Some years ago, an administrator in the district where I worked asked a group of English teachers why it was important for students to read a novel. After the stunned silence had passed into shock, dismay, and a general (internal and collective) shaking of our heads, we explained the reason why it was important for high school students, many of whom in the district didn’t own a single book, needed the skills necessary to complete the reading of at least one novel in their high school careers. If The Lost Art of Reading had existed at the time, said administrator would likely have ended up with multiple copies delivered to her office the next day.
This outstanding book/essay is based on an essay that originally appeared in the Los Angeles Times in August of 2009. Triggered by the sentiment from his high school aged son that “…reading is over,” Ulin reflects on the importance of reading in general, whether print or electronic format (though he has a clear preference for print format when it comes to books, as do I). Offering criticism that while the world wide web has served to make more information available to us, it hasn’t necessarily made us better informed, nor has it helped us to become more reflective in our actions or thoughts. Through immersion in a book, Ulin tells us, we are better able to equip ourselves for the verities of life and for better understanding of who we are not only as individuals, but as a society as well.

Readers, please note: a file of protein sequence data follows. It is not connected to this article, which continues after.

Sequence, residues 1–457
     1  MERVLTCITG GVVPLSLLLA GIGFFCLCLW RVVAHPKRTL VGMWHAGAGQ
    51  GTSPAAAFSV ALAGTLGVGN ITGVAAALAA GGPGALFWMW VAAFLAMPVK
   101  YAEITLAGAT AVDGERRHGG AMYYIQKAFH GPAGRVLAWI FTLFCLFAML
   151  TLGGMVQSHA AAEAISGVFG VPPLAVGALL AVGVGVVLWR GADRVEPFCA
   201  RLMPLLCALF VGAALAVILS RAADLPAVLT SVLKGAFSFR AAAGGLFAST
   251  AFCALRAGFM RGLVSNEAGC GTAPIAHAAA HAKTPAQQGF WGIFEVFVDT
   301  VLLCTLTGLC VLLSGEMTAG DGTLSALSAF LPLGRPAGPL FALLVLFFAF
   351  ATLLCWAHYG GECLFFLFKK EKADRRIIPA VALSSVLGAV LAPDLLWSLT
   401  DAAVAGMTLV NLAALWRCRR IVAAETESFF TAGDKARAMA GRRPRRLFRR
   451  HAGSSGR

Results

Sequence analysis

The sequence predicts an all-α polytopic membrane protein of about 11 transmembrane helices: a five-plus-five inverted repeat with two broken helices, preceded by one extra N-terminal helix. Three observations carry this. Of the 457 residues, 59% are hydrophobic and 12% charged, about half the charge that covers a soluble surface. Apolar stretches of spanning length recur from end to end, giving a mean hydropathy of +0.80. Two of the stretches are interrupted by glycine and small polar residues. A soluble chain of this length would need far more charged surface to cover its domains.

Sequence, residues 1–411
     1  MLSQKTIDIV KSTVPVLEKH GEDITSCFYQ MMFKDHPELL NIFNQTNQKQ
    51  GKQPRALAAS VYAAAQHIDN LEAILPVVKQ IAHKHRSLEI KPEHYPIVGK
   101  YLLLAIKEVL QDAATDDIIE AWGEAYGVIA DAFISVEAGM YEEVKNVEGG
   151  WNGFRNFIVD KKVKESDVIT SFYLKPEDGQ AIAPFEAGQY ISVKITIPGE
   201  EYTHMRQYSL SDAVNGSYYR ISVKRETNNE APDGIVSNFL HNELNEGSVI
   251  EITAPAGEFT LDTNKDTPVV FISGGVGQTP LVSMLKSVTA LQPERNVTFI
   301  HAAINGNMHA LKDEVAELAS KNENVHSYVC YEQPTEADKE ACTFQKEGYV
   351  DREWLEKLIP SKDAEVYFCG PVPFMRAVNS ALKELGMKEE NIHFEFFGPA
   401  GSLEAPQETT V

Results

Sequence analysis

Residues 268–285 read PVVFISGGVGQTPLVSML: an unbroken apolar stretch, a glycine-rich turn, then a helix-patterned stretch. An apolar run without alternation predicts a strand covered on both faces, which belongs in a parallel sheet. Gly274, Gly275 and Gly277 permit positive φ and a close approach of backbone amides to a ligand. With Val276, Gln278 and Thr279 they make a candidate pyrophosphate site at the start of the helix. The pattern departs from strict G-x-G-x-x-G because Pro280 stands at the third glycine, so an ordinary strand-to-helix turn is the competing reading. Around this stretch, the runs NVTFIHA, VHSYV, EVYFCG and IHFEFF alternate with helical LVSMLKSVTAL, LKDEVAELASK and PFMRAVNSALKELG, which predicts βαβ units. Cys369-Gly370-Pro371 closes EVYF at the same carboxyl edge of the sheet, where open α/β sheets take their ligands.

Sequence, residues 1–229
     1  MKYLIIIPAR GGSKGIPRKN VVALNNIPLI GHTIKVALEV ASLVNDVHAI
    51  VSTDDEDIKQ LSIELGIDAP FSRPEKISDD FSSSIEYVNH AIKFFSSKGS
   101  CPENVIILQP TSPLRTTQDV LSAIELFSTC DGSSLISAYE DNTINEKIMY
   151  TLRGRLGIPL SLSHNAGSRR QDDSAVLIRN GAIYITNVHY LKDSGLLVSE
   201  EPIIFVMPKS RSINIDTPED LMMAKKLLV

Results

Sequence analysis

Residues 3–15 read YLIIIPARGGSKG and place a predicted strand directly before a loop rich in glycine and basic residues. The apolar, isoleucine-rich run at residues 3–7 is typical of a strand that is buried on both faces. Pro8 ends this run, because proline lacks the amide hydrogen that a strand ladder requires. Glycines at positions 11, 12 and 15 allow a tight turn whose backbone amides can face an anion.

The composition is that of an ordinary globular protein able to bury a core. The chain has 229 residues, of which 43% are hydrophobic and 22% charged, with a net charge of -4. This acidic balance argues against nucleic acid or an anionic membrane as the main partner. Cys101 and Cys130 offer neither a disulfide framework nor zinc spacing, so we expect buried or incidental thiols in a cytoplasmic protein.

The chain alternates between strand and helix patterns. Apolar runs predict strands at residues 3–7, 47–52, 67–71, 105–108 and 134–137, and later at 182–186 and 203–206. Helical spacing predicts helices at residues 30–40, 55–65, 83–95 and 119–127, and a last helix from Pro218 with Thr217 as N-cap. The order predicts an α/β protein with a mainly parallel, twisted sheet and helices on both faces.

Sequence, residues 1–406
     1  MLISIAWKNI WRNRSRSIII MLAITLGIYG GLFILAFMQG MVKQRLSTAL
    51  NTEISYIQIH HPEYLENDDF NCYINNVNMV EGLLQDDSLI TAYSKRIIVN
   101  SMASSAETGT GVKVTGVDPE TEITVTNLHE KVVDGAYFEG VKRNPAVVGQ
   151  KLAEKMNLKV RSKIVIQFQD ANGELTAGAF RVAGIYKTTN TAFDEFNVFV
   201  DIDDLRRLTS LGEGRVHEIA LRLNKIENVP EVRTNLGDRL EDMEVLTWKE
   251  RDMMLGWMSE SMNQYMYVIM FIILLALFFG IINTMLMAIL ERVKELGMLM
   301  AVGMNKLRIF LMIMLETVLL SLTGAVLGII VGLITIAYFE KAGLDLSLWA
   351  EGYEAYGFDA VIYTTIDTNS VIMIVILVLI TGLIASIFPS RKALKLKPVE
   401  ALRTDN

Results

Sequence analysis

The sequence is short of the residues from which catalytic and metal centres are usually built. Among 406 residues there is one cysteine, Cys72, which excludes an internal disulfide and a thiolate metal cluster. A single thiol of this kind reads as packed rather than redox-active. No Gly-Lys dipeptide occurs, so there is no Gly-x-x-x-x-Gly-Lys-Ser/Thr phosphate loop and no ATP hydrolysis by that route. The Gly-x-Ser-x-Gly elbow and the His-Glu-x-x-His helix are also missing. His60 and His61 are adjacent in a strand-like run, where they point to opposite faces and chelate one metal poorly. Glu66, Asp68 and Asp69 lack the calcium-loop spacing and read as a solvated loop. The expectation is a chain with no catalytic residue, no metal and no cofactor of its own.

Appropriately, I came across this book while browsing the shelves of the Boulder Bookstore, something that would not have happened had I been browsing online and makes the argument not only for books but for bookstores themselves. From Sasquatch Books and available from your local, independent bookstore. (Shop local! Shop independent! Tell ‘em you saw it on Elephant Journal!)